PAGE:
I enjoy watching bats fly over our house at night. One particular night, I was looking forward to teaching my eldest daughter what we can learn from watching a flying fox colony.
We went for a stroll to our local park to watch the bats and get some great photos… but by the time we arrived, every single one of them had left!
I was so disappointed.
That’s the thing about bats though – they’re classed as the ‘backpackers of the sky’. They move around depending on the season.
Thankfully the flying foxes returned two months later, and we were able to spend some quality time taking great photos and watching their behaviour.
Watching Flying Foxes with Kids
If you’re an animal enthusiast, or even just slightly interested in the comings and goings of night life, I strongly encourage you to visit a bat colony! You will learn so much just by taking some quiet time near their roosting site to sit and watch. It’s such a simple activity, yet there’s so much to learn and so much to see.
What to take:
- A mat to sit on
- A camera to document your experience
- A torch (for you when it gets dark)
We sat quietly and watched them near dusk. This is what we learnt:
Observing a flying fox colony:
What to notice while you’re observing the colony.
- They are social animals that live in a family unit
- Bat hang upside down
- They turn the right way up to pee and poo (Miss Possum loved this information. Why do kids like anything poo related?!)
- They sleep with their wings curled around them
- There are many different types of bats. Some live in caves and some live in trees
- Bats are nocturnal (they sleep during the day and are awake at night).
Bats live in a community and it’s interesting to observe their interactions. Watch closely and you might notice:
- Fighting between bats for better roosting sites
- A mother and a baby bat. The babies are usually tucked under the mother’s arms.
- A dominant bat and a more submissive bat
- The bats talking to one another – they can get really noisy right before they fly out for the night.
Flying Foxes and Safety
Remember never to touch bats. If bitten by an infected bat, humans can contract a disease called the Lyssavirus. If you find a sick or injured bat, put a box or washing basket over it and ring a wildlife rescue organisation, like Wildcare.
You may have heard about Hendra Virus, too. This doesn’t pose a threat to us directly from bats but you can learn more about it here.
Miss Possum fell in love with bats from an earlier bat activity. Although these are a different type of bat, watching them has strengthened her affection for them.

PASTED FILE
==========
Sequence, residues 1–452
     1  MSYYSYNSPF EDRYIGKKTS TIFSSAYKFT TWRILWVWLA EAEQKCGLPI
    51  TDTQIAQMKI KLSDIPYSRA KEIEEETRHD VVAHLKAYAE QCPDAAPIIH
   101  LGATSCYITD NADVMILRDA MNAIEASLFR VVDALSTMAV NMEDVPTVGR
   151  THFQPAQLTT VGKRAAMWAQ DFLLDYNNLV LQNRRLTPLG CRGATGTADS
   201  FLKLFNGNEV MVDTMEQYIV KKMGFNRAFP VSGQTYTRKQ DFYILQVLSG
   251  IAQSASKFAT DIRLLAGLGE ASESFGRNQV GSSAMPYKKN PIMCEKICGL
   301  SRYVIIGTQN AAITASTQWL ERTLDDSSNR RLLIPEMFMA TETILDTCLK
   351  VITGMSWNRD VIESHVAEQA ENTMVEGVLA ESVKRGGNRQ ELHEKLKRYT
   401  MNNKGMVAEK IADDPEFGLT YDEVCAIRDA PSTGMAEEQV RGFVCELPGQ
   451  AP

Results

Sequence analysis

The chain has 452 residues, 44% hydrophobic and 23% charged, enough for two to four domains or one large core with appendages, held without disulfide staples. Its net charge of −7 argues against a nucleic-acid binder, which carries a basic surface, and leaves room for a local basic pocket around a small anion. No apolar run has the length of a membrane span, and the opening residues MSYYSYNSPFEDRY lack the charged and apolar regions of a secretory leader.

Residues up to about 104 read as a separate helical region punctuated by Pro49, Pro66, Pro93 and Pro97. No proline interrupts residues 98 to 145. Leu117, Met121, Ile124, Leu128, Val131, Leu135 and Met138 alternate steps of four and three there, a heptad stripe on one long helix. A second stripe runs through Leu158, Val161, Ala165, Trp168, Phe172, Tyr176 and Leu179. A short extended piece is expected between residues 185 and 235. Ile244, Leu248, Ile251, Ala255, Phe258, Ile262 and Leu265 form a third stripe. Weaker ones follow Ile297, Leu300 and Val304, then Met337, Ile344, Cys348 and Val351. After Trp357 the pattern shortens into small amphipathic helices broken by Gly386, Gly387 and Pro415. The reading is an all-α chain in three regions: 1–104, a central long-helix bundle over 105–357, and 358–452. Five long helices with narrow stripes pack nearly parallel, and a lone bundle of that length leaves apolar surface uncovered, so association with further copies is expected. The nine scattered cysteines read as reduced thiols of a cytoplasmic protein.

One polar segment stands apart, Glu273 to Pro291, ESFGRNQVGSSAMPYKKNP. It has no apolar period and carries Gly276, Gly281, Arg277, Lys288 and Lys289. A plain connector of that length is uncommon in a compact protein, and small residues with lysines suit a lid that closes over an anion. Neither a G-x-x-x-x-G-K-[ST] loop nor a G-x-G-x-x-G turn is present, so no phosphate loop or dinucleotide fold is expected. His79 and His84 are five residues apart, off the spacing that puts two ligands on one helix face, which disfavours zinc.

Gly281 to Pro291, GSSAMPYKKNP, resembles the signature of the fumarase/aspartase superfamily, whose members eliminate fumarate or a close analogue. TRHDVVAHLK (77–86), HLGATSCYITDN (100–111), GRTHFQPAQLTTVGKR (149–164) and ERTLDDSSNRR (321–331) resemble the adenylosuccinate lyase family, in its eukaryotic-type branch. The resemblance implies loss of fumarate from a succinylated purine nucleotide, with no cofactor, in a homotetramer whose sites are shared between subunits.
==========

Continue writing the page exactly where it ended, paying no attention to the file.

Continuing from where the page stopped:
And although she may occasionally still call them wombats by accident, she knows much more about bats, how they live and where.
The act of observing wild animals is the simplest and perhaps one the most enjoyable ways to encourage a love of wildlife.
Do you like bats? What animals have you and your children watched lately?
I love the rich detail you provide in your posts. The next time we see bats, I won’t squeak or run…I’ll take a moment and let my girls observe and learn. The bats pee/poop trick is something that is now firmly planted in my head and I know Im going to be checking those bats out next time I see some whizzing by!
Yes, do! They will love watching them. Thanks for dropping by again Kirri. 🙂
We got bats during warm days and MiniMe is crazy about them! We take torches outside to watch them 🙂 I don’t like them as much mainly because they eat the figs and the apples in the trees 🙁 I like figs and apples.
Yay MiniMe! A torch is a great idea and I bet you spot other critters too!
Grace Titioka says
I will have to confess. I don’t like bats very much. There’s a section in the Sydney Botanical Gardens where there are heaps of them and that area always stinks of bat poo and urine. I also used to have a friend who’s car was parked under a bat colony and the next morning, her car (it was a deep purple colour) was just covered in bat poo ! It looked like it turned the car into one with polka dots !
But gee, Penny-licious, if you think they’re cool, I might just have to take your word on it and give them some love and observation time. Only for you, though 🙂
I’ve heard about the botanical gardens in Sydney. It is sad but be thankful they are there and not living next to your house!
Okay, so they are less civilised than us but the fact that they are the only mammal that can fly makes up for it, don’t you think? Plus, they pollinate flowers and disperse native seeds Bats ARE cool. :p
Susan Stephenson says
I love the fact you can look up at twilight and see through their wings. That’s awesome. But I’m with Grace re botanical gardens. They ruined a huge section of Melbourne’s, old trees were killed I believe. The stench was awful. While my logical brain understands that animal behaviour doesn’t need to be justified, it just IS, my emotional brain feels they’re picking on the trees! This is the same emotional brain that rescues dragonflies from spiders. I would never make a wildlife officer.
What a neat way to learn about bats! We recently learned that bats apparently can make homes quite near the ground when my 3-year-old in an unsupervised moment tore off a big piece of bark from an old rotten tree stump and we found a bat sleeping upside down underneath it. It was really neat to see it up close and the girls were super fascinated, although I felt bad about destroying his sleeping place. I tried to put the bark back but I haven’t seen the bat again.